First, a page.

Creating a clear and accurate budget

By on February 14, 2014

Troy Media

Creating a clear and accurate budget

London, On.- The Household Budget is made up of two main sections: your sources of annual income and your sources of expenses.

To make the job of tackling filling out all this information easier, you first need to take the time to properly gather certain documents that will provide you with your most recent income and expense information.

Here’s what you’ll need for filling out each section of the budget:

Sources of Annual Income section:

•    Your most recent Income Tax Return. Make sure it’s a complete return with copies of your income tax slips (T4, T5, T3, T4A, T4-RRIF, RRSP contribution receipts, etc.). Your income tax return and information slips will provide you with the majority of the information you need to complete this section to determine your income and income deductions (such as income tax paid, EI and CPP premiums deducted, pension contributions, dividend, interest and trust income, etc.).

Sources of Expenses section:

•    Copies of the statements for your bank and investment accounts, credit cards, household utilities, property assessment notices, etc. so that you can list all the things you’ve been spending money on over the last months and see clearly where all your money is going and how much it’s really costing you. For some expense items you should have at least six months (preferably 12 months) of statements available. The account statements will help you to identify and, in some cases, get a handle on your annual expenses.

Now that you have all that information, it is time to work your way through a proper budget by itemizing or identifying all your income and living expenses.

But be warned: this exercise may bore you to tears. But think of the big picture. By taking the time to itemize all your income and living expenses and then taking a closer look at each item will actually pay off by helping you achieve your financial goals.

Budgeting, after all, is simply a tool you use to get the maximum benefit from your spending. You work hard for your money, so make sure you’re making the most efficient and profitable spending decisions.

So when going through the budgeting exercise, you should focus on three main goals:

•  Increase the amount you can save on a regular and consistent basis.

•   Make sure you receive the maximized benefit from each spending decision.

•   Identify your spending priorities in relation to your financial and lifestyle goals.

For each expense listed in your budget, ask yourself the following questions:

1. Is this expense item a need or a want?

•    If it’s a need, are you getting the best value for the money you are spending? Make sure you‘re not overpaying for the item. A budget helps you to question and examine the cost and benefit of each expense.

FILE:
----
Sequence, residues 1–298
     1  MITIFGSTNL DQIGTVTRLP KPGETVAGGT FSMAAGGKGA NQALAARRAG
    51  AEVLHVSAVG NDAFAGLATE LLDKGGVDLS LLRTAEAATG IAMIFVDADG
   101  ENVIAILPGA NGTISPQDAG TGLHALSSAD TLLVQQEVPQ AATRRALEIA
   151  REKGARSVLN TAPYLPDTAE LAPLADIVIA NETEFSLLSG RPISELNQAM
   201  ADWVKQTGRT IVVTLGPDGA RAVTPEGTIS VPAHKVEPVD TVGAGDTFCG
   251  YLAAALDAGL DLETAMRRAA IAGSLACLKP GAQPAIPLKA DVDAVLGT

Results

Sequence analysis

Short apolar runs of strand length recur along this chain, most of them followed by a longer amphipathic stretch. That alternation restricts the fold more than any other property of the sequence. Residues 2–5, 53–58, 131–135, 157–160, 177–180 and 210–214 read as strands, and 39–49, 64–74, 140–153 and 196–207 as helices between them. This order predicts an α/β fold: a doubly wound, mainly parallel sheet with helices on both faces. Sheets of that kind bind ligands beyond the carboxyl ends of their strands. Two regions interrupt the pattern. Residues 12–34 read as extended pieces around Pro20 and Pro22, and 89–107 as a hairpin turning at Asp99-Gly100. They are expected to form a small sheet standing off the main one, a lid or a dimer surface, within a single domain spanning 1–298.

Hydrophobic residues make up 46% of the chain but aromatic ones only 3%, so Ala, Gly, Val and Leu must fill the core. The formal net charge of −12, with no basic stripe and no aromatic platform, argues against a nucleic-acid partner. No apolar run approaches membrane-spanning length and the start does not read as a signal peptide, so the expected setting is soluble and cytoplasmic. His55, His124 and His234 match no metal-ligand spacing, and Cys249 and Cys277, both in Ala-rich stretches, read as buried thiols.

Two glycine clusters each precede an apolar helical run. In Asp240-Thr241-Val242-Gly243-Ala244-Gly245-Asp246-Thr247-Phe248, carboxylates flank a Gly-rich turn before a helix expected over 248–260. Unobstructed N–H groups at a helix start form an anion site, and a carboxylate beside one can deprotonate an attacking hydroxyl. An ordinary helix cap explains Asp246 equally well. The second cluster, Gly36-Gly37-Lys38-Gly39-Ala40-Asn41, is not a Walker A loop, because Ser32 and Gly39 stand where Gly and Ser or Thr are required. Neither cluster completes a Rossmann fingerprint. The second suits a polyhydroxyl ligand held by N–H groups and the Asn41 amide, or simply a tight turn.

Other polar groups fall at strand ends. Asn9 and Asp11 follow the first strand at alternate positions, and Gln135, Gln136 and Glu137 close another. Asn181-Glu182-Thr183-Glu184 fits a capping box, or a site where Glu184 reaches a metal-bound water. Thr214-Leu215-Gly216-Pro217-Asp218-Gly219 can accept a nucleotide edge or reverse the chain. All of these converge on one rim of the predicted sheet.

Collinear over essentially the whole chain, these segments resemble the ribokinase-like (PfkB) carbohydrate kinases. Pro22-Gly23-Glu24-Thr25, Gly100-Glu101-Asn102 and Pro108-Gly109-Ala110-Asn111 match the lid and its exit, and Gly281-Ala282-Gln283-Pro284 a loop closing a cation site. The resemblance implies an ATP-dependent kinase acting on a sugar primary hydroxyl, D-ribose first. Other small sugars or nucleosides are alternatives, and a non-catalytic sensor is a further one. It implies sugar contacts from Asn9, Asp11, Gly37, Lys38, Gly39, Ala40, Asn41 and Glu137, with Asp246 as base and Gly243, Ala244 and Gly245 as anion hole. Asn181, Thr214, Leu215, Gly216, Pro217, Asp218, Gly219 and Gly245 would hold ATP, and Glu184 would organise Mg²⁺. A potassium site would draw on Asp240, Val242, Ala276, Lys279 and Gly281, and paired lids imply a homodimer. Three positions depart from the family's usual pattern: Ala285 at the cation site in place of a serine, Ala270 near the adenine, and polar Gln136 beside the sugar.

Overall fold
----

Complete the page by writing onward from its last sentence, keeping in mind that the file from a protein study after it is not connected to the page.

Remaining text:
•    If the expense item is a want, ask yourself if it’s important to your lifestyle. If it’s not, then it cut it. But if it is important then, once again, check if you’re paying too much for the item. You may have committed to the item expense years ago not realizing that you can pay less for the same item today (i.e. internet, cable, cell phone services, etc.). Compare costs with your neighbours or friends, and then call up the provider armed with the knowledge of other people’s costs. Sometimes it’s as simple as asking the item’s provider to give you a better price or maybe a competing provider can lower your costs.

1.   Is the expense item permanent or temporary? Many expenses have a limited life (children’s activities, education costs, car payments, mortgage, RESP contributions, etc.). Understanding the expense item’s time frame can often help you to adjust your spending to ensure the most successful outcomes. Accept that financial and lifestyle circumstances change and your budget must be flexible to adapt with those changes. For example, when you know that you’ll be making car payments or paying for piano lessons for the next five years, then you know to cut back on other expenses such as dining out, expensive vacations, etc.

2.    Is the expense item a duplicate expense? For example, you may be paying for extended medical, dental and insurance benefits you already receive from your spouse’s employer. Many expense decisions are made in isolation of each other and without realizing it you may be doubling your costs.

Once you’re happy with the answers for an item in your budget, go on to the next item. If you don’t like any answer for an item, however, consider that to be a red flag and a call to action: either eliminate the expense completely or shop around for a new provider at a lower cost.

Unsatisfactory answers, after all, are your opportunities to save money!

Next month, in the final column in our budgeting series, we’ll look at a couple of ways your budget can help you save and even increase your wealth. –TroyMedia

George Christison is one of the founders of InvestingForMe, a financial resources website dedicated to helping Canadians make better saving and investing decisions, with greater confidence.

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